In the Spring of 1992, Benetton embarked on an extremely controversial ad campaign that focused on one of the most widely-recognized taboos in the world: the AIDS virus.
David Kirby, an AIDS activist and sufferer, was photographed on his death bed, surrounded by his family, for LIFE magazine. Benetton was given permission from David's parents to show it all over the world in this campaign.
In some countries, such as Paraguay, this was the first advertising campaign to publicly discuss AIDS and in most countries it was the first to show the actual victims of the disease (10).
Of course, the fact that David happens to somewhat resemble Christ, and became known as a 'pieta' only added to the success (and the many protests) for this campaign.
The campaign to educate the public about AIDS continued with a series of three images, a forearm, lower abdomen, and a backside, all stamped with the words "H.I.V. Positive." These were meant to show people the ways to contract the virus.
Benetton also used the famous "AIDS Ribbon" in an ad.
Another image that won several international awards was the one called "Faces of AIDS" in which over 1000 young people are in a large group photo, and then it was computer edited so that it spelled out "AIDS" just light enough so you can barely make it out.
One of Benetton's many worldwide projects fighting against AIDS and HIV took place in France in the Summer of 1993. On World AIDS Day, the 1st of December 1993, Benetton and group ACT UP PARIS (a liberal, militant group), placed a giant pink condom (22 meters high and 3.5 wide)on the obelisk in Place de la Concorde in central Paris in order to force the to understand the reality of the disease. A symbolic monument to prevention from infection, it appeared on the cover of newspapers and magazines worldwide (2).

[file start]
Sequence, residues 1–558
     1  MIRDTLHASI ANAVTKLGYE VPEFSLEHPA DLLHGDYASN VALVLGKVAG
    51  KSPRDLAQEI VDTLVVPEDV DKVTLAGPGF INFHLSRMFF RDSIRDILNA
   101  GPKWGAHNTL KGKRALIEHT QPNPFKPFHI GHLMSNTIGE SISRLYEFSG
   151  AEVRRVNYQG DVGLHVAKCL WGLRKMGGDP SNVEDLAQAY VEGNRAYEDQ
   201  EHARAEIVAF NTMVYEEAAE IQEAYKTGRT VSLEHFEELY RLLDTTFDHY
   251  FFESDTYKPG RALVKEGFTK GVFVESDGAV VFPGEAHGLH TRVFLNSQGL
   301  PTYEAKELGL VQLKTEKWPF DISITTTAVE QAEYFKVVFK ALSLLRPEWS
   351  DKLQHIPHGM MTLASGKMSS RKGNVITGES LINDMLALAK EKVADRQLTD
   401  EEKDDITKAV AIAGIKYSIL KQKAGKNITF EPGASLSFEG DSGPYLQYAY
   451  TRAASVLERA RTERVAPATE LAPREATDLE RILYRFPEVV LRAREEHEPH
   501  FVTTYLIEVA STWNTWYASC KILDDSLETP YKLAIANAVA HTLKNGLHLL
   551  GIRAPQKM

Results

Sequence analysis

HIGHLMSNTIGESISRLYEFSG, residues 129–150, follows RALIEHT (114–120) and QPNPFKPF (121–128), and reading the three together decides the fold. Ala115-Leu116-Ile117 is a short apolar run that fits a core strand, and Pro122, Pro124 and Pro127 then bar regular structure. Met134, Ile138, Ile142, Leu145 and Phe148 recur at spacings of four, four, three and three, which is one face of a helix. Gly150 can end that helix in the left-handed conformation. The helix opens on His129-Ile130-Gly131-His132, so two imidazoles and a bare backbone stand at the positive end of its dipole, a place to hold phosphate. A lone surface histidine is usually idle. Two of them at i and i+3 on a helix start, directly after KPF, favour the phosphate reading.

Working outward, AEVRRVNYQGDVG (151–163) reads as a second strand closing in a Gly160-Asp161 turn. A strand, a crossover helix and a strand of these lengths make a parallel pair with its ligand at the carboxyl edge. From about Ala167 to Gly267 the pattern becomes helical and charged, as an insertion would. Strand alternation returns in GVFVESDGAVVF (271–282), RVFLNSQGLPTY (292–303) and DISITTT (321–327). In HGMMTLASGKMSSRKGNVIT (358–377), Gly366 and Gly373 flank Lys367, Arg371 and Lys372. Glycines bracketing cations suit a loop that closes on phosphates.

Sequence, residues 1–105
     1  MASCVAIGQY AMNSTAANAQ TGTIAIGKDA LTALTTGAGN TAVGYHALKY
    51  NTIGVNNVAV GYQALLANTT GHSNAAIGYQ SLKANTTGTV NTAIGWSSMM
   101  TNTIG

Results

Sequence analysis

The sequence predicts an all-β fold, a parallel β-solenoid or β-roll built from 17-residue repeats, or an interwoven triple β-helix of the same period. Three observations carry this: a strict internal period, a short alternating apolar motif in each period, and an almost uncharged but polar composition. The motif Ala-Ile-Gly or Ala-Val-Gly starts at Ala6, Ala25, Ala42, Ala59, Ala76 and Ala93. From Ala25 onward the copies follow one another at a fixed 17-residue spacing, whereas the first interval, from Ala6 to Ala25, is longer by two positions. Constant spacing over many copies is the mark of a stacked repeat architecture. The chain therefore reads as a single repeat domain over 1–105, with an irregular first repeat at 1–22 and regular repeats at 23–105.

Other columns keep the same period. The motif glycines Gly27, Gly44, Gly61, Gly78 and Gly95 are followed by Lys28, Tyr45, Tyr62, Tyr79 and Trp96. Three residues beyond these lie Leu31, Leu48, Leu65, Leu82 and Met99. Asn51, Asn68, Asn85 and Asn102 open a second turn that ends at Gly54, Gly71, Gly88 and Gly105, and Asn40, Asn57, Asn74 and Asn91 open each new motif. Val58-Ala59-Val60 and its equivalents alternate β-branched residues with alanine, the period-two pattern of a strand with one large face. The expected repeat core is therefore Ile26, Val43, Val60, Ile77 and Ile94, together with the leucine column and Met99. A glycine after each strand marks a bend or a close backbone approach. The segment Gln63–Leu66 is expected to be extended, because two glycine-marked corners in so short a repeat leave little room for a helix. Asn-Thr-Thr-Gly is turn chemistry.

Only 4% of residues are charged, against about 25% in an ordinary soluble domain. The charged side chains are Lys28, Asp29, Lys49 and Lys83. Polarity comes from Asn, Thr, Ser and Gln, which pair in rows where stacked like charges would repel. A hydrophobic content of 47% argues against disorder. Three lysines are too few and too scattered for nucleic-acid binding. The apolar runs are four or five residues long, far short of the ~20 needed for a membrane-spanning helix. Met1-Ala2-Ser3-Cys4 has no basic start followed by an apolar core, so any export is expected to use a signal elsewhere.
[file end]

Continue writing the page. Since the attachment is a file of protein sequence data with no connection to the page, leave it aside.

Continuing with the prevention aspect of the campaign, Benetton decided that having ads featuring condoms would accomplish two goals: get them out into the mainstream culture and demystify them by displaying them like a fashion accessory. Condoms were also given away free at United Colors of Benetton stores.
For those interested in worldwide sporting events, such as World Cup soccer or the Olympics, a special version of the condom advertisements was issued:
Not surprisingly, this campaign, like so many other Benetton campaigns, was met with controversy. The older, more conservative population thought it was inappropriate subject matter, but the younger generation embraced the campaign whole-heartedly. In the U.S. the image was censored by the media, because it was deemed "pornographic" and thus inappropriate for distribution through traditional press outlets, such as supermarkets (8).